Where are the people who know the rules of this game who can show me that I actually can win at this game? Where are the people who can give me examples and hope and possibility? And I really struggled to find them because so many of the people I knew, they were still playing game 1. And this is one of the reasons, by the way, I created a group coaching program eventually is because I want people to be able to find other game 2 players so that we can learn from each other and support one another and leverage each other.

That’s a huge portion of what Mom Goes On is about for me. But I want you to be asking yourself, who do I want to have as my support system in game 2? Who is my support squad going to be? Because I might need to find a new one. There might be some people I need to let go of. There might be some work that I need to do to go find more people. That could be more friends. That could be a therapist. That could be a different financial advisor. There are going to be lots of different people on your support squad but you might have to go searching for a community there.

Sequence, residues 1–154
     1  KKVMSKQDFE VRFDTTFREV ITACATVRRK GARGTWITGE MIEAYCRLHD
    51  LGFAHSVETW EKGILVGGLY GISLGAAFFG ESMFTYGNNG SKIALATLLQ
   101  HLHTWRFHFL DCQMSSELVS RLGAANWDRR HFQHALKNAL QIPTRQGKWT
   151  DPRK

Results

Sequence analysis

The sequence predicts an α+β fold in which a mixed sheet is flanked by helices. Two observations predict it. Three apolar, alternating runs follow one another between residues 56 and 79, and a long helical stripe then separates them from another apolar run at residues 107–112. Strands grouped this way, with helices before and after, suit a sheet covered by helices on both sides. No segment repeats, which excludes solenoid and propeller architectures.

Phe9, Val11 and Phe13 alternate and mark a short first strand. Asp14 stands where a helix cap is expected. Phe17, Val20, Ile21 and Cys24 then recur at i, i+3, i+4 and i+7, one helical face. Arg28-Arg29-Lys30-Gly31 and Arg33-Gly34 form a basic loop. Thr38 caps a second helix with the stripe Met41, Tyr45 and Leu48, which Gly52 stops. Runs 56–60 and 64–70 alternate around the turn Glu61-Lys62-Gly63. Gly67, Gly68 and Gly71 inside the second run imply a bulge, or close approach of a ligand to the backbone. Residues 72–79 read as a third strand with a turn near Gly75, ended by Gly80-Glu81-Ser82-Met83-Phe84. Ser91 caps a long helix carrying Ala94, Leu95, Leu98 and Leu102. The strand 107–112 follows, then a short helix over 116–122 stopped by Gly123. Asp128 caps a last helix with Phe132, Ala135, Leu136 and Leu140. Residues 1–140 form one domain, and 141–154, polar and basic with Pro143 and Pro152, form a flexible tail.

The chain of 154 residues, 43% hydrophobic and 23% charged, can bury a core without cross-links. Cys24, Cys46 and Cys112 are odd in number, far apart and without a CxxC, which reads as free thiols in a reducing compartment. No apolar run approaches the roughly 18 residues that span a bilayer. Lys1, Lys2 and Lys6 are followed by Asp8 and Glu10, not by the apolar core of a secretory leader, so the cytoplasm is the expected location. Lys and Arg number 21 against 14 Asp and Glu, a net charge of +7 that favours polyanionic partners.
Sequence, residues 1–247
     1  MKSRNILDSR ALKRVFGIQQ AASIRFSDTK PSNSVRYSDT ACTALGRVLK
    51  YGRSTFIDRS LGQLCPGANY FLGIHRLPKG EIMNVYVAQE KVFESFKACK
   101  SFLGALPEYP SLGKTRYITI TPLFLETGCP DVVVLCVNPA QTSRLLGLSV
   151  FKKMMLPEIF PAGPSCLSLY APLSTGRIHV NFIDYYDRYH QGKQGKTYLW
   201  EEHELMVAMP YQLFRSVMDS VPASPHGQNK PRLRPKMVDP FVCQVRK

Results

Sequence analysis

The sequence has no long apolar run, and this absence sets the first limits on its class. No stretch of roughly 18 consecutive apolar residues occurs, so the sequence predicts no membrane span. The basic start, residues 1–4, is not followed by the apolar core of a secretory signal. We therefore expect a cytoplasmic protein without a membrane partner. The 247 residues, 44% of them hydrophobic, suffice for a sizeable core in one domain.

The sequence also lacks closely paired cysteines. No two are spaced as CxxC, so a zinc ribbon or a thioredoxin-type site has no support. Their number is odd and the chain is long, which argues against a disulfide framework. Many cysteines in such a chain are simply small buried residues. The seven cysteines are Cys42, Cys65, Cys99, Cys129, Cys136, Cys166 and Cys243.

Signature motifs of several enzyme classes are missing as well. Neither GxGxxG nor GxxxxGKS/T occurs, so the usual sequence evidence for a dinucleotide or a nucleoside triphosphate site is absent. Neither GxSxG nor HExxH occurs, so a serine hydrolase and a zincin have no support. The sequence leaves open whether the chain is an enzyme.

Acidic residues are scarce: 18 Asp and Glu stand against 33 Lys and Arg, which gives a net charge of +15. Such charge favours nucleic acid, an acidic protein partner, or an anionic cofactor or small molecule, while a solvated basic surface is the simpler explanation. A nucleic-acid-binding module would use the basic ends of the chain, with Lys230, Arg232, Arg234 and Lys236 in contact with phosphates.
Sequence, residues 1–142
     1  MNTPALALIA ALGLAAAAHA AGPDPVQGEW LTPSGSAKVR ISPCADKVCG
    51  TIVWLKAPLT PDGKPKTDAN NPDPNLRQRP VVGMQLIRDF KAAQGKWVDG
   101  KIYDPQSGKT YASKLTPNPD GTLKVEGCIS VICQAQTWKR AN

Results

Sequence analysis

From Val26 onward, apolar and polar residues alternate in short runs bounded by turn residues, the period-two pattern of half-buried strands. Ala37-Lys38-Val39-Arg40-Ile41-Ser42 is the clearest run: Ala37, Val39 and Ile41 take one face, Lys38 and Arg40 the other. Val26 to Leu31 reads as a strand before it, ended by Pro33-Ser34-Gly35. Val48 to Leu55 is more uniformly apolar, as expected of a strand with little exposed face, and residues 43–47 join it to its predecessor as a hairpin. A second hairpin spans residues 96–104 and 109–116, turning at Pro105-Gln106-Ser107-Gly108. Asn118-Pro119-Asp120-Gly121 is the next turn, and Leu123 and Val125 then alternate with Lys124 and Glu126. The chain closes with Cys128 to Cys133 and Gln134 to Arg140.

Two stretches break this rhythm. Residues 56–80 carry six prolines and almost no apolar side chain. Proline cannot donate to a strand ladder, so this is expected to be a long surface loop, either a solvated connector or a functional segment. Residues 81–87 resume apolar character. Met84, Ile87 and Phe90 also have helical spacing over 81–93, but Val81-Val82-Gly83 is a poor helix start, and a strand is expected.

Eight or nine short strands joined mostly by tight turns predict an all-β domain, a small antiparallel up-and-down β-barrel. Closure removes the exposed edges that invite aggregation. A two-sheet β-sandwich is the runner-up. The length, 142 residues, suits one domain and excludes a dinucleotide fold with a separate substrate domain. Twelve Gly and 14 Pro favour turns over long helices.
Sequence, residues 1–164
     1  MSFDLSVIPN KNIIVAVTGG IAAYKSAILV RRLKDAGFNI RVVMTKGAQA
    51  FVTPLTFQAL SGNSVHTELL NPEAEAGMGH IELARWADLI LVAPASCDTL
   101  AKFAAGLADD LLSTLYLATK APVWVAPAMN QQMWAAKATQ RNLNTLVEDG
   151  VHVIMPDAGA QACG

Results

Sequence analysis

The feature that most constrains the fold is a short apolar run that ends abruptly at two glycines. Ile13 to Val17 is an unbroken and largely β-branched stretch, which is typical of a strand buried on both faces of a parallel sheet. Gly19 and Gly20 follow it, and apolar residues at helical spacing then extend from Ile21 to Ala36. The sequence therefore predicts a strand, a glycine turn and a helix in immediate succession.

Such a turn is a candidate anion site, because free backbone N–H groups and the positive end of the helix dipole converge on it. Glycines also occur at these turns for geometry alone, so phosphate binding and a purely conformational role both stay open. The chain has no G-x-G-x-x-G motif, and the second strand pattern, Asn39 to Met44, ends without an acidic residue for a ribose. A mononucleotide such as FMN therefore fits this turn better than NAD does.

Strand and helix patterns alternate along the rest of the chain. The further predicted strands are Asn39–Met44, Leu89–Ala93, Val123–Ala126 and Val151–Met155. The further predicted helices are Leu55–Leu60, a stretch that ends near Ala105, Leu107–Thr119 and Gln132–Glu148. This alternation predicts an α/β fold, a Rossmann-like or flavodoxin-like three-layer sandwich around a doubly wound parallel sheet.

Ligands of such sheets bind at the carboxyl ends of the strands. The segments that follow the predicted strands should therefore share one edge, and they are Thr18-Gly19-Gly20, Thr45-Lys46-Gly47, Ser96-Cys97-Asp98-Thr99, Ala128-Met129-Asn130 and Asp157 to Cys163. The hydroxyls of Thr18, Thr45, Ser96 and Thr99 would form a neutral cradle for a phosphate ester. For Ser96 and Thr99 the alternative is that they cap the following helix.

And game 2 might be the game where you learn on a level you have never learned before, how to accept help, how to reach out and ask for help, and how to accept help. That may not be something you have done. Maybe game 1 it wasn’t that important and now in game 2 it is. And this might be the time where you seek support, receive support, experience support in a whole different way. So I want you to ask yourself that.

And then I want you to think about the possibility, and this is possibility, the possibility of post traumatic growth, post traumatic growth. It is not a should. It is not morally superior. It is not a have to. It is not a must. It is not something you need to do. It is not something you are a better human if you do. It is simply a possibility, an opportunity. Game 2 is an opportunity for post traumatic growth, for growth generally speaking.